Twin blasts ripped through the Ugandan capital of Kampala Sunday while the rest of the world watched Spain claim the World Cup title. A group called al-Shabaab has claimed responsibility for the attacks, which killed 74, saying they would "carry out attacks against our enemy wherever they are." While al-Shabaab is not yet a household name like al-Qaeda or the Taliban, these twin attacks are a devastating sign that the West cannot ignore the threat of terrorism from Somalia anymore. So today Big Think asks: Who are al-Shabaab?
Harakat al-Shabaab al-Mujahideen, or simply al-Shabaab, is an Islamist insurgency group currently waging war in Somalia. Al-Shabaab (meaning "the Youth" in Arabic) claims to have ties to al-Qaeda, and its former leader Adan Hashi Ayro may have trained with the Taliban in Afghanistan
. Al-Shabaab endorses a strict interpretation of Sharia law, which may include beheading, amputations, or stoning to death those who violate what is seen as God's law. Many Somalis, who are traditionally moderate Muslims, are shocked by al-Shabaab's actions, but some credit the insurgents with having restored order to the areas under their control.
According to The New York Times, experts place al-Shabaab's numbers around 3,000, with an additional 2,000 allied gunmen
What do they want?
Al-Shabaab's stated goal is to overthrow the government and implement Sharia law in the largely lawless Somalia, which has been torn by war for almost two decades. The group controls about a third of the country
, including much of the capital Mogadishu, where a U.N.-backed government clings tenuously to control. Were it not for 5,000 African Union peacekeepers, Somalia's government would have already been driven out of the capital. Ugandans make up the majority of those troops, which explains why al-Shabaab targeted Kampala in yesterday's attack. Two days before, an al-Shabaab commander encouraged militants to target Uganda and Burundi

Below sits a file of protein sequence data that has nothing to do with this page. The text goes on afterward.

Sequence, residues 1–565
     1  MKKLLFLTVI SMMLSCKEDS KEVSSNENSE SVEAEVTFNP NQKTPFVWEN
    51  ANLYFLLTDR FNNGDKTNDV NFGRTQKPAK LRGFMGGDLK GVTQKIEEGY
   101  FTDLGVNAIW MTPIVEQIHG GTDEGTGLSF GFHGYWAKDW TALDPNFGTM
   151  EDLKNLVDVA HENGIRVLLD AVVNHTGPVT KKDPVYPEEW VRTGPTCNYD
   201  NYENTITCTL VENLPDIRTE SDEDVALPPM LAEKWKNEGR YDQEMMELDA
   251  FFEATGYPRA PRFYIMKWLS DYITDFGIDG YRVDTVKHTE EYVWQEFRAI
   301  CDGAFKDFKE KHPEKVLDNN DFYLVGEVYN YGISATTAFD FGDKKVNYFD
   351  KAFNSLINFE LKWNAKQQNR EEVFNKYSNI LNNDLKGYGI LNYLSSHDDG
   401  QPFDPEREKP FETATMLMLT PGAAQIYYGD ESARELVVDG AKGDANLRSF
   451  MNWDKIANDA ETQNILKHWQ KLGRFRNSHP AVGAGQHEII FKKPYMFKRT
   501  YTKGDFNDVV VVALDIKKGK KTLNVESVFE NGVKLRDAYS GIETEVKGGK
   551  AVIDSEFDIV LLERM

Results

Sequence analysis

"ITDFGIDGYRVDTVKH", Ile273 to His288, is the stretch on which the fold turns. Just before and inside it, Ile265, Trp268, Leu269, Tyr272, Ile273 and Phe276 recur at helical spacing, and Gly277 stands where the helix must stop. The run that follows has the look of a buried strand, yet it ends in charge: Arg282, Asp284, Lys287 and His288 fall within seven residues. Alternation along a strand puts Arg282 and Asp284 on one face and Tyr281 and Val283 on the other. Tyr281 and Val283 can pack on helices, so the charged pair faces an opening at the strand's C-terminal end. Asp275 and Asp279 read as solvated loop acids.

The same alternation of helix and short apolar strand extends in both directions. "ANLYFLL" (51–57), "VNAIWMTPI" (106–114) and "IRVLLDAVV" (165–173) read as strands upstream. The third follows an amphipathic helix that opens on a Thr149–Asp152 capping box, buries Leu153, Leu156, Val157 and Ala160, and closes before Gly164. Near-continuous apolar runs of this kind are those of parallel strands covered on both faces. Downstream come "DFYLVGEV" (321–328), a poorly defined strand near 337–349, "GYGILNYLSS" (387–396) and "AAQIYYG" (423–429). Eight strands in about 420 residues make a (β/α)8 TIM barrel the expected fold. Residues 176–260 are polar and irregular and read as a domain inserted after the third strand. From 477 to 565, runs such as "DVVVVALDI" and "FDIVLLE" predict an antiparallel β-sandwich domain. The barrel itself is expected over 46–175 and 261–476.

for contributing to the African Union peacekeeping mission.
Who's in charge?
Al-Shabaab is divided into three geographical units, which operate fairly independently of one another, according to The Times. Muktar Ali Roobow (Abu Mansoor), the leader of the Bay and Bakool regions in south-central Somalia, is considered to be the spokesperson of al-Shabaab. The group's former leader Adan Hashi Ayro was killed by a U.S. missile strike in 2008.
Somalia has lacked an effective government since 1991, when President Siad Barre was overthrown by tribal warlords. These disparate clans failed to fill the power vacuum, plunging the country into decades of civil unrest, with over a dozen failed attempts to establish a viable government. In 2006, the situation grew even more complicated with the emergence of Islamist insurgents, including al-Shabaab, who seized control of much of the south, including the capital Mogadishu. Since then the provisional government of the moderate Islamist president Sheik Ahmed has battled al-Shabaab for control of Mogadishu and the south. There are signs
that Somalis may be turning against al-Shabaab's strict rule, but experts say a strong central government is crucial for eliminating the threat posed by al-Shabaab
documents the full history of violence and instability that has plagued Somalia in recent years.